All Leica had to do is make the EV button a FN button programmable by the photographer in the firmware- simple, effective, done. Oh well, the universe is in constant chaos, I suppose I can get by without an AEL lock button :).
Playing back my images I prefer to use the playback button on the 4 way toggle switch, rather than switch out shooting modes, it's much quicker this way. Toggling left or right on the 4 way allows you to view other images as well. Don't worry about pressing another button, the D2 will automatically go back to shooting on its own, or a half press of the shutter takes you out of playback.
Since the D2 isn't image stabilized, to counter this, I like to use larger aperture settings and employ the use of the lens hood to steady my shot. Yep the lens hood. Its square design allows my left hand to hold it flat in my palm, or to squeeze the hood itself a bit which tightens things up nicely. 1/2 second sharp hand held shots are routine for me on the D2/LC1.
If for whatever reason I find I'm using 28mm often, I'll pull out my small little Voigtlander built Ricoh GV-2 28mm optical finder and slide it into the D2's hot-shoe. This disables the onboard flash and tells the D2 a flash is set, so you have to turn the flash setting to off to use it correctly.
To me that's little to pay and it's worth what I gain in that circumstance when I need it. You can carry a couple of these small optical finders (from various makers) with you for varied focal lengths and they are readily available. Two of my favorites are the 28mm and 50mm finders.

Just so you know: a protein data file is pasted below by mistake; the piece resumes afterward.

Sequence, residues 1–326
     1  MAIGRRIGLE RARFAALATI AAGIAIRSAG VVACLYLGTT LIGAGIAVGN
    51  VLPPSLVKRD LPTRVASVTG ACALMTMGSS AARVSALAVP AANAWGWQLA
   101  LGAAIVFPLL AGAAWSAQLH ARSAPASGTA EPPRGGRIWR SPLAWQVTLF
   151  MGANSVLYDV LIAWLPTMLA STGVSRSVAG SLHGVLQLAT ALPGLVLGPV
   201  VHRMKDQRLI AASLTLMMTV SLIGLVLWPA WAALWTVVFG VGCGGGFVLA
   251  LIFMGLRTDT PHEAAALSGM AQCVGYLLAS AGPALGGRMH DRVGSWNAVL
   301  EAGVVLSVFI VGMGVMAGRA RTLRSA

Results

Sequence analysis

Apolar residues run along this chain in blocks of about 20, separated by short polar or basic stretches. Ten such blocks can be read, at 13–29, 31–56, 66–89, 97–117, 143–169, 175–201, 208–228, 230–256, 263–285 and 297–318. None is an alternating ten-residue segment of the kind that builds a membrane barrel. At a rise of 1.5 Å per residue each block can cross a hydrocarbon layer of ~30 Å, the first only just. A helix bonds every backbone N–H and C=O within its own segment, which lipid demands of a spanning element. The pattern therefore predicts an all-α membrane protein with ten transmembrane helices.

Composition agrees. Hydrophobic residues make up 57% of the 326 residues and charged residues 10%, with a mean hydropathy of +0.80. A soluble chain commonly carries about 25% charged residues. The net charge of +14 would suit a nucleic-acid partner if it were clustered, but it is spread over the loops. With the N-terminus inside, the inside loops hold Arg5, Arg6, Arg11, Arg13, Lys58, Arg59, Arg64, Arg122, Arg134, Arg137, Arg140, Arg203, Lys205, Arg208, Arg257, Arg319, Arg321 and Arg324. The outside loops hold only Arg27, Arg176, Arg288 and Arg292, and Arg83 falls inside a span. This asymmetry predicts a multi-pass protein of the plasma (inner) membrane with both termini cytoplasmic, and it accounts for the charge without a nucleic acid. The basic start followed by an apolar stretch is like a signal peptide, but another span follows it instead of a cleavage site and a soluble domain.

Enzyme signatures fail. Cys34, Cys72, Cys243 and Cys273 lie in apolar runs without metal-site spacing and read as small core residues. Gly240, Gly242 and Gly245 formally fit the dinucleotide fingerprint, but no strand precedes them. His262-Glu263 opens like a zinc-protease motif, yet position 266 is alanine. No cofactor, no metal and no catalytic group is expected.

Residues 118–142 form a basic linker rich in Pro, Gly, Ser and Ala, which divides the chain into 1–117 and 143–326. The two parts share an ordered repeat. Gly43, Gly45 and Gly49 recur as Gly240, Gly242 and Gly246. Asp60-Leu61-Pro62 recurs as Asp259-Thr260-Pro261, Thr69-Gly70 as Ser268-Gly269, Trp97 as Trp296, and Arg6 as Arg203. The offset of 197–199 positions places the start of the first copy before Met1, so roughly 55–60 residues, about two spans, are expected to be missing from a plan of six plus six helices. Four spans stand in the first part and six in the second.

The Gorgeous 28-90mm f/2-f/2.4 Vario Summicron
Not only is the D2 equipped with one of the finest zoom lenses ever created in mankind's short history, it's also the place you'll make many of your adjustments. You'll find intimacy with the D2. With practice, its analog controls will eventually become second nature to you and you won't have to take your eye off your subject to make any adjustments. To me, that is the biggest benefit of exterior analog controls. It also just feels great making a physical connection with the tool you are using to make a photograph- in a way I feel as though making a photograph is physical exercise, not a digital rendering. And I like that feeling.
The fast aperture of this lens gives two immediate benefits, low light shooting and very good looking out of focus areas in your photograph (bokeh) if used correctly. Other benefits are a sharp corner to corner performance wide open, with little distortion or abberations to speak of ( I never give these a second thought using this lens). Build quality is top notch with the smooth action of the focus, zoom, and aperture rings. This makes for delightful tactile feedback.
The sensor size allows the lens's size to be kept down to a much smaller size than an APS-C sized sensor would, and I feel the perfect balance has been achieved here (why 2/3" sensors aren't being put into cameras today, I'll never figure out).
What the D2 has that Newer Cameras Don't
Technically the D2 doesn't have that many unique features (bar its great flash and lens) that newer camera's don't. If you look on a spec sheet, you might not be that impressed. Speed isn't a trademark of the D2 either, nor is a long zoom lens. So what's it got?
Well the D2 can give you a sense of satisfaction that other camera's simply cannot. There is something to be said for using an analog machine that doesn't have all the bells and whistles (sometimes nutty features) that newer cameras have. Put aside it's unique quality of its images, it's handsome looks, awesome handling, and great lens - no, I'm not talking about any of that.